John Brown Spiers: “Dead Last is a Kind of Second Place,” your piece in the Winter 2013 issue of The Georgia Review, is excerpted from your forthcoming memoir A Few Seconds of Radiant Filmstrip. After having read “Dead Last,” which follows the seventh-grade Kevin exclusively, I’m gathering that this book differs from your others in at least two significant ways: for one thing, it’s a memoir; for another, it (presumably) hews to a single point of view. Please feel free to correct me if I assume too much, or to misguide me if you want to keep secrets before the publication date, but I have to ask how in the world you managed to limit yourself to a single point of view for an entire manuscript, given your propensity for juggling perspectives.
Kevin Brockmeier: It wasn’t easy for me. I considered a dozen alternate approaches, contemplated adopting a more traditional first-person retrospective viewpoint or a much less traditional fragmented multi-character one, but ultimately I decided that the only way to make the book not only as candid but also as tensile and suggestive as I wanted it to be was to assume a single perspective—third-person, present-tense, and shot through with the intimacies of a very particular consciousness: mine, as it existed some 28 years ago. I hewed as closely as I could to the facts of my life, and also to my mind as I recall it working back then. One of the rules I embraced was to restrict myself to the vocabulary I imagined was available to me in seventh grade, though I skirted the outer edge of that vocabulary sometimes, and also embedded it in a syntax that’s more ornate and exacting than anything I would have produced at twelve or thirteen. The book isn’t quite as simple as it seems, though: there’s an odd convex-lens-like middle chapter that complicates the perspective, widens it, though not, I hope, without violating it.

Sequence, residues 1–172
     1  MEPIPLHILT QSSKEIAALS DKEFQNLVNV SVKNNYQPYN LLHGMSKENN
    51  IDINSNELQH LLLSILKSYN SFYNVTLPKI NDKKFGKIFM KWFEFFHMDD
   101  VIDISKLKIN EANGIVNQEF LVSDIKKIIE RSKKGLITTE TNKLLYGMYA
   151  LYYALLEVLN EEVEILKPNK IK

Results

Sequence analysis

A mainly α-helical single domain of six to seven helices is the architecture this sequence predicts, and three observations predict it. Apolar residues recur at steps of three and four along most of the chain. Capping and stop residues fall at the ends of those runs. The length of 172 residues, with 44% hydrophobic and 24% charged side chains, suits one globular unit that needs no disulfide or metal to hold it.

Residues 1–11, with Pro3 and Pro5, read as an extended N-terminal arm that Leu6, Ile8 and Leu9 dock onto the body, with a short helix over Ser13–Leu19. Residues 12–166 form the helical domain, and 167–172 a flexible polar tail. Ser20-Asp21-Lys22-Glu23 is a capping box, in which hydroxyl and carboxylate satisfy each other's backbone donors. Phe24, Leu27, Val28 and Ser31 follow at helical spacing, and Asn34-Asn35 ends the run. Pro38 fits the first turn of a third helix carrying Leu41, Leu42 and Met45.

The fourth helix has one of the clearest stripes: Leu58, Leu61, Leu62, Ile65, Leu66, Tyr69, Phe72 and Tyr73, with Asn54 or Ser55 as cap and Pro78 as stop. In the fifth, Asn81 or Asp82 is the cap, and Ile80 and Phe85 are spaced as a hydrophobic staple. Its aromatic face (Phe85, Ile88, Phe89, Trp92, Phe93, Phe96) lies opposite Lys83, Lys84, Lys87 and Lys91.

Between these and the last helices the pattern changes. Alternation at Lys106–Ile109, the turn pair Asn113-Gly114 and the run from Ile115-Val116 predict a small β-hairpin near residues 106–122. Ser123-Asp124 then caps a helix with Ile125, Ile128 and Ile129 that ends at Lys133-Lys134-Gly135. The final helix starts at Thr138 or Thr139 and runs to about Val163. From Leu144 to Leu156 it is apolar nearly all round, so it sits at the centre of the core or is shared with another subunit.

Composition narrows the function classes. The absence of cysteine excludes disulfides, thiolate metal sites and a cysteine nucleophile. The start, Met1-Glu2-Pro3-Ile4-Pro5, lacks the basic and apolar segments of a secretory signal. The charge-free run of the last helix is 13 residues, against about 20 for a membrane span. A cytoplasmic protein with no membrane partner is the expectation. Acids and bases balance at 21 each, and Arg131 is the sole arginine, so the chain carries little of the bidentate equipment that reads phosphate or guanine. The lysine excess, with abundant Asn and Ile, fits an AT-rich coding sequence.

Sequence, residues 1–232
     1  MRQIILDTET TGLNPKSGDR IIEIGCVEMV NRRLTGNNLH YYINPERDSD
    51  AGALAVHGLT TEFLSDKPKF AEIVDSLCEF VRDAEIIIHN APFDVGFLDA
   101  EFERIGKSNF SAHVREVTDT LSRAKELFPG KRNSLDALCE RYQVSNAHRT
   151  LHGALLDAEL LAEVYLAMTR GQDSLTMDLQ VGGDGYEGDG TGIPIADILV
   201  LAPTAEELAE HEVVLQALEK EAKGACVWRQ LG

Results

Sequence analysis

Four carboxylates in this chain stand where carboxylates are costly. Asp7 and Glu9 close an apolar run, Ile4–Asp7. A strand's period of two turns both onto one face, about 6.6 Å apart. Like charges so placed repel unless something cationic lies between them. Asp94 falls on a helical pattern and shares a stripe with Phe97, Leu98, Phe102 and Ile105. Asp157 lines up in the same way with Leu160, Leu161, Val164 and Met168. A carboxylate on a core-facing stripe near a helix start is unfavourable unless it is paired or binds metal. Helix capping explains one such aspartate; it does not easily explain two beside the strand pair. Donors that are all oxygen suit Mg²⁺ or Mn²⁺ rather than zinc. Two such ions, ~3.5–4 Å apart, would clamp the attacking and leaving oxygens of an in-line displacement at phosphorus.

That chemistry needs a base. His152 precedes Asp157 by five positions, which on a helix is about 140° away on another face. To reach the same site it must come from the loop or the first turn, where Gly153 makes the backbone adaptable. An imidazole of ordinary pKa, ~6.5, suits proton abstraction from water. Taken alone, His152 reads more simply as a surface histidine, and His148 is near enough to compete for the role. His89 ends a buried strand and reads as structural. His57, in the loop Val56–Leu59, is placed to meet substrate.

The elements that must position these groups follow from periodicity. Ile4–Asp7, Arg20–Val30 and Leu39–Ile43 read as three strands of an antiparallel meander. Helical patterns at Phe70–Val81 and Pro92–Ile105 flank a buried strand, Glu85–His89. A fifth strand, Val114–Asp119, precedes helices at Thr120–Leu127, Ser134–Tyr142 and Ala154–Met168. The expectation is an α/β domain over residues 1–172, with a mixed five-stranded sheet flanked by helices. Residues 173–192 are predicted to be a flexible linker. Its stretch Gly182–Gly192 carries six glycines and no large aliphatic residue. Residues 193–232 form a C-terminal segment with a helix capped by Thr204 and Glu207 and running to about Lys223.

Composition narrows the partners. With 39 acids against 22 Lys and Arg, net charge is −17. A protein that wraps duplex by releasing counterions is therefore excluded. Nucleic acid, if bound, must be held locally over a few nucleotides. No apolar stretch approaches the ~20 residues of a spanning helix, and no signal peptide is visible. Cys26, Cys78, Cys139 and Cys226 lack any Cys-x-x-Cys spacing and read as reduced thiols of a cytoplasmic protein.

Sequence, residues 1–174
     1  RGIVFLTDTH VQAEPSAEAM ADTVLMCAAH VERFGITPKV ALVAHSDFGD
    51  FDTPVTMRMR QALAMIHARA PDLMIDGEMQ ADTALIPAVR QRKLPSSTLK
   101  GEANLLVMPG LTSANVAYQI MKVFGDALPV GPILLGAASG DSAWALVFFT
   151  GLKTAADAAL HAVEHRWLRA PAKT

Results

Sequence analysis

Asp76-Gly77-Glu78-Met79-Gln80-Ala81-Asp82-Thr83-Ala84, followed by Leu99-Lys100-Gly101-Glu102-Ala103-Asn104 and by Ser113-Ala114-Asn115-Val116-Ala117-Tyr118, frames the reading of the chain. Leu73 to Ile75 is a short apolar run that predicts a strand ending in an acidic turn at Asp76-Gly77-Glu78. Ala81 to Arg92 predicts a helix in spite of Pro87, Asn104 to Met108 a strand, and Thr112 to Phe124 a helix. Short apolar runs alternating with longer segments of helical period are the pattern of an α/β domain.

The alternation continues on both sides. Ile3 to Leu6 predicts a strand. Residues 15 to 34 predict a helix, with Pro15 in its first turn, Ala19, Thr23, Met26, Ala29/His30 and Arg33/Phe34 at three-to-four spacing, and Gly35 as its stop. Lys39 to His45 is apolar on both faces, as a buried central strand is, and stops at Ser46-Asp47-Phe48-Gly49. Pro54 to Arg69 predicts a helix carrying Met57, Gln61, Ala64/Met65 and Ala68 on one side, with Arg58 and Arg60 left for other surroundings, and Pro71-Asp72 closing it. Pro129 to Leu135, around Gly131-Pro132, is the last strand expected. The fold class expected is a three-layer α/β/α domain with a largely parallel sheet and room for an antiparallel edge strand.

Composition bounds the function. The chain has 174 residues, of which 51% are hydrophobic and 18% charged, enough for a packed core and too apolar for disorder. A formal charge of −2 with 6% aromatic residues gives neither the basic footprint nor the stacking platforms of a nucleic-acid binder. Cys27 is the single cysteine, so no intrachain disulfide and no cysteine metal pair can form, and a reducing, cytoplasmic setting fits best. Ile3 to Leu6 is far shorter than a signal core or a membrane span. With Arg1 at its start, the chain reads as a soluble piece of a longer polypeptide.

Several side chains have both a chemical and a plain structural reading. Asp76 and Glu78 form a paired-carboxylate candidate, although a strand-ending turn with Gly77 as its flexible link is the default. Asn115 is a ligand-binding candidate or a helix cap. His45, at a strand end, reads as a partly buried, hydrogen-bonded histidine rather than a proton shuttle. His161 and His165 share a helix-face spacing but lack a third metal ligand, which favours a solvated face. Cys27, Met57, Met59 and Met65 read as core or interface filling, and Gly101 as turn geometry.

JBS: A Few Seconds of Radiant Filmstrip‘s subtitle is A Memoir of Seventh Grade. I wonder if you could talk a little bit about why your seventh grade experience resonates with you, and what you felt memoir offered, as a genre, that fiction did not.